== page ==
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T1 - Increase in excitatory amino acid concentration and transporters expression in osteoarthritic knees of anterior cruciate ligament transected rabbits

AU - Jean, Y. H.

AU - Wen, Z. H.

AU - Chang, Y. C.

AU - Hsieh, S. P.

AU - Lin, J. D.

AU - Tang, C. C.

AU - Chen, W. F.

AU - Chou, A. K.

AU - Wong, C. S.

PY - 2008/12/1

Y1 - 2008/12/1

N2 - Objective: The present study aimed to determine the role of excitatory amino acids (EAAs) and EAA transporters (EAATs) in an osteoarthritis (OA) model of rabbit knees. Methods: OA was induced in New Zealand white male rabbits by anterior cruciate ligament transection (ACLT) in one knee of one hind limb; the other knee left unoperated. Rabbits that received ACLT of knee were assigned to the ACLT group (n = 6), while a sham-operated group (n = 6) underwent arthrotomy with no ACLT. Six naïve rabbits that received no surgery were used as normal control. The width of the knee joint was measured to determine the severity of joint inflammation. Before operation and at 10, 20, and 30 weeks after operation, knee joint dialysates were collected by microdialysis and assayed for EAAs by high-performance liquid chromatography. Gross morphology and histopathology and EAATs glutamate/aspartate transporter (GLAST) and glutamate transporter-1 (GLT-1) expression in the articular cartilage of the knees were evaluated by immunohistochemistry and western blot analysis. Results: In the ACLT knees, a significant increase in the joint width was observed (5.3 ± 0.9 mm, P < 0.05) at 30 weeks after operation, while the sham-operated and naïve knees showed no difference as compared with the basal values. The concentrations (μM) of aspartate and glutamate in knee dialysates at 30 weeks after ACLT in naïve, sham, and ACLT were 0.36 ± 0.07 and 4.5 ± 1.10; 0.38 ± 0.09 and 4.61 ± 1.11; 0.67 ± 0.18 and 9.71 ± 2.89, respectively. Levels of glutamate and aspartate in the dialysates obtained from the ACLT knees increased by 213.3 ± 29.6% and 187.5 ± 33.8% (P < 0.05) when compared to those in the sham-operated knees. Both naïve and ACLT chondrocytes were positively stained by antibodies against GLAST and GLT-1. GLAST and GLT-1 protein expressions were significantly increased in the ACLT knees (P < 0.05). Conclusion: Our findings indicate an involvement of EAAs and EAATs in the pathogenesis of OA in ACLT rabbits.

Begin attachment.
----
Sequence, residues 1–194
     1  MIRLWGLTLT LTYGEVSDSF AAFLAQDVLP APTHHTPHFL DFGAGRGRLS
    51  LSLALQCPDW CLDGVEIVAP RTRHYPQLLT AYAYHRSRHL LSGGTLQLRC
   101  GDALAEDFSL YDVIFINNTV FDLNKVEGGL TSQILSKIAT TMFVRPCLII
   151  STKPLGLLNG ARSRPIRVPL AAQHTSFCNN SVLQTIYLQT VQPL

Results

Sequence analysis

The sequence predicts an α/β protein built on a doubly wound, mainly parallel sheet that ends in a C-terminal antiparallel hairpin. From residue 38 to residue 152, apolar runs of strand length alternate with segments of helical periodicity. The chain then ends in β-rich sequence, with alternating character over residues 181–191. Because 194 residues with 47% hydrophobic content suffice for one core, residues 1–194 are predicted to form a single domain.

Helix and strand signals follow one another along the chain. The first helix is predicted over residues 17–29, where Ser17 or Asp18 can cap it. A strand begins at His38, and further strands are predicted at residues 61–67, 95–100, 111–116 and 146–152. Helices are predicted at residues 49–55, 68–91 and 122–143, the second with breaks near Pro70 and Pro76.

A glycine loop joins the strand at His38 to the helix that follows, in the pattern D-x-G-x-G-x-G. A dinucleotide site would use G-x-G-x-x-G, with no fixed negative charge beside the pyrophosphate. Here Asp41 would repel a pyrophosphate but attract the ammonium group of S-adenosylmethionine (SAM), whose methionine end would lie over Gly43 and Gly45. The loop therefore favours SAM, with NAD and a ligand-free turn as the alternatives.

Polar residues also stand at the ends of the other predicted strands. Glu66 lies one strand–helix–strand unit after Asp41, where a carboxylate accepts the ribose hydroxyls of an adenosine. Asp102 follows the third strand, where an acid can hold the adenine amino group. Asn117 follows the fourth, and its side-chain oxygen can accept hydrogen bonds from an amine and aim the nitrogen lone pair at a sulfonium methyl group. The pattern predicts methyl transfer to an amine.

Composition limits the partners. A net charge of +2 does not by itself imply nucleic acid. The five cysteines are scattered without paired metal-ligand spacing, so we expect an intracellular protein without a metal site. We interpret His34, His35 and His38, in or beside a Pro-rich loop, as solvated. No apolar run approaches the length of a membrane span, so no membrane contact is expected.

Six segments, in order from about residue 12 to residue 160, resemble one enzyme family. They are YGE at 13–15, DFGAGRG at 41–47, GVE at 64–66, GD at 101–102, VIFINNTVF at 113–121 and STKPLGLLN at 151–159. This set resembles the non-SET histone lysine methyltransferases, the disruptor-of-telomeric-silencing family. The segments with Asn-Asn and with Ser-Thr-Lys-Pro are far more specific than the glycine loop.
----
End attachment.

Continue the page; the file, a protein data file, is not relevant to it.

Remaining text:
AB - Objective: The present study aimed to determine the role of excitatory amino acids (EAAs) and EAA transporters (EAATs) in an osteoarthritis (OA) model of rabbit knees. Methods: OA was induced in New Zealand white male rabbits by anterior cruciate ligament transection (ACLT) in one knee of one hind limb; the other knee left unoperated. Rabbits that received ACLT of knee were assigned to the ACLT group (n = 6), while a sham-operated group (n = 6) underwent arthrotomy with no ACLT. Six naïve rabbits that received no surgery were used as normal control. The width of the knee joint was measured to determine the severity of joint inflammation. Before operation and at 10, 20, and 30 weeks after operation, knee joint dialysates were collected by microdialysis and assayed for EAAs by high-performance liquid chromatography. Gross morphology and histopathology and EAATs glutamate/aspartate transporter (GLAST) and glutamate transporter-1 (GLT-1) expression in the articular cartilage of the knees were evaluated by immunohistochemistry and western blot analysis. Results: In the ACLT knees, a significant increase in the joint width was observed (5.3 ± 0.9 mm, P < 0.05) at 30 weeks after operation, while the sham-operated and naïve knees showed no difference as compared with the basal values. The concentrations (μM) of aspartate and glutamate in knee dialysates at 30 weeks after ACLT in naïve, sham, and ACLT were 0.36 ± 0.07 and 4.5 ± 1.10; 0.38 ± 0.09 and 4.61 ± 1.11; 0.67 ± 0.18 and 9.71 ± 2.89, respectively. Levels of glutamate and aspartate in the dialysates obtained from the ACLT knees increased by 213.3 ± 29.6% and 187.5 ± 33.8% (P < 0.05) when compared to those in the sham-operated knees. Both naïve and ACLT chondrocytes were positively stained by antibodies against GLAST and GLT-1. GLAST and GLT-1 protein expressions were significantly increased in the ACLT knees (P < 0.05). Conclusion: Our findings indicate an involvement of EAAs and EAATs in the pathogenesis of OA in ACLT rabbits.

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KW - Excitatory amino acid transporters

KW - Glutamate

KW - Glutamate transporters

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KW - Osteoarthritis